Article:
Laurens: Bronze. Although I actually think it is wasting her talent to play her at right back. I wouldn't be surprised if she played in midfield against the U.S.
Hamilton: Bronze is world-class and the best right back in the game. England has other fantastic players, too, but captain Steph Houghton is the key. Neville described her as "irreplaceable," and he's spot on.
Both squads posted impressive quarterfinal wins. Which one element do they need to improve?
Hays: They impressed in very different ways. England took the game to Norway, while the United States dug in and defended once it had an early lead against a better opponent. So the logical answer is each needs to improve in the role it didn't play. The U.S. will want more possession, and in conjunction, want to get Alex Morgan more involved in goal-scoring spaces. Morgan has quietly done necessary dirty work since her five-goal outburst, leaving the scoring to Rapinoe. A perfect scenario would be Rapinoe returning to the set-up role she also fills so well. For England? Well, converting penalty kicks would be wise. Not much else went wrong.
Roenigk: The U.S. tempo is its trademark, but they've had one fewer day to recover after the quarterfinals, and England has proved they can run with the best, so the U.S. attack can't be all about speed. Cleaning up the USWNT's passing up front will be crucial. England has never won a semifinal match at a major tournament, so confidence will be key for the Lionesses.
Laurens: I feel England is yet to be tested in this tournament, and the fact this team hasn't been pushed into giving its absolute best could be an issue if it is dominated by the Americans on Tuesday. England also needs to improve its left-hand side as it depends a lot on the right at the moment. For the Americans, they need to get Tobin Heath more involved. The only time they used her against France, she set up Rapinoe's second goal.
Hamilton: England was magnificent against Norway, putting in its best showing of the tournament. But for the U.S. to knock over France on its own patch is some result.
Which result is better for the tournament?
Hays: Seemingly half the questions that Ellis and her players get from foreign journalists are about their perceived arrogance. Neville added this week that he thinks England is the host country's second-favorite team and will have that support in the semifinal, no small thing given the long history of those two countries. So maybe the rest of the world, or at least Europe, would like to see a final without the Americans. It would certainly cap of a tournament in which Europe's depth is on display. But the best stories have big characters, whether loved or hated. So a final between Europe's reigning champion (the Netherlands) and the U.S.? Or a second Olympic rematch between the U.S. and Sweden? With apologies to the English, that's a better story.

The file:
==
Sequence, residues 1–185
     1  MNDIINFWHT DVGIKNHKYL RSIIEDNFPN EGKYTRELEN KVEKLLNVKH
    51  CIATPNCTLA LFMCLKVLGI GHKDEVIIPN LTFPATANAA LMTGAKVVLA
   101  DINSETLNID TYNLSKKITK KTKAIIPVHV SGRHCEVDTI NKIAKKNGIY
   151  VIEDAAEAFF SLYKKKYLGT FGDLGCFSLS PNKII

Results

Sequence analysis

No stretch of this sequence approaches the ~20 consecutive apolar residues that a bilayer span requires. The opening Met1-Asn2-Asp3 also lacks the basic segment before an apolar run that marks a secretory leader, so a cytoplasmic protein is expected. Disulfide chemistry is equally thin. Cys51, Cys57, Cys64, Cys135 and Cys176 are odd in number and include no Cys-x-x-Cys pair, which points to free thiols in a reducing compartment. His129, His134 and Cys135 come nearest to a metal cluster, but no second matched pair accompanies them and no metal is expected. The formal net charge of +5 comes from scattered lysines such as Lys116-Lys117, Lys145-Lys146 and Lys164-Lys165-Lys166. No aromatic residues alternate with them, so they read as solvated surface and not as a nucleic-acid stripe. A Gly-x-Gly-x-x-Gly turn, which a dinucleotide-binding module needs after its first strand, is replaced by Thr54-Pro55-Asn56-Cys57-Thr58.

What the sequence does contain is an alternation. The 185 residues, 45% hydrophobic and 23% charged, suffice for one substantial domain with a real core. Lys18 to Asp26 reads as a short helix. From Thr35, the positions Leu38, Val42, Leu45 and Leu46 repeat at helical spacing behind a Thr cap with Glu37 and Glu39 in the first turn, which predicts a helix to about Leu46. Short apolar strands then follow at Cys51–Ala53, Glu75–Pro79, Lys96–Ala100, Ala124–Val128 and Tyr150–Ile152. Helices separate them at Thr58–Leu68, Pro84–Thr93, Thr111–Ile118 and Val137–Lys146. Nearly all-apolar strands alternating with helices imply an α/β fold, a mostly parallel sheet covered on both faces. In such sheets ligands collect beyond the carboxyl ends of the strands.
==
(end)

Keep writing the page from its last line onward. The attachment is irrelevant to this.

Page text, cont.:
Roenigk: Much like their previous game against France, an American win would draw more global attention to Sunday's final. But an England win could alter the landscape of the sport for women in Great Britain, and in Europe overall. A good outcome for the tournament is one that is close, competitive and free from controversy (and too many post-match stories about VAR).
Laurens: Both teams would be great finalists. Like the U.S.-France match on Friday, it is a shame they won't meet in the final. It would be fantastic for England to beat the Americans and make it to the final. It would bring a change as well.
Hamilton: It depends on which side of the Atlantic you live. The U.S. is the strongest team here, but how wonderful for the growth of the game in England if the Lionesses were to win. So from a completely non-biased point of view, an England victory.
How does the USWNT avoid the emotional hangover after the win against France?
Hays: This one is pretty self-explanatory. One of the great strengths of the U.S. is its habit of taking the game to opponents hard and fast in the opening 15 minutes of a game. That doesn't always lead to a goal, although it has this tournament, but it sets the terms of a game. So how does the U.S. avoid the hangover? By not letting the France game drift into the opening minutes here.
Roenigk: By remembering that they've been here before. And knowing that Sweden is in the final four as well should keep the team -- especially those who played in Rio three years ago -- focused.
Laurens: I don't think there are any fears with the USWNT having an emotional hangover after beating France. Winning is in their culture, their DNA. They never get carried when they win. It is actually the opposite. Winning makes them want to win more. The U.S. does not rest on its laurels.
Hamilton: Not at all. The Americans have been here before. They'll recharge and be strong throughout again.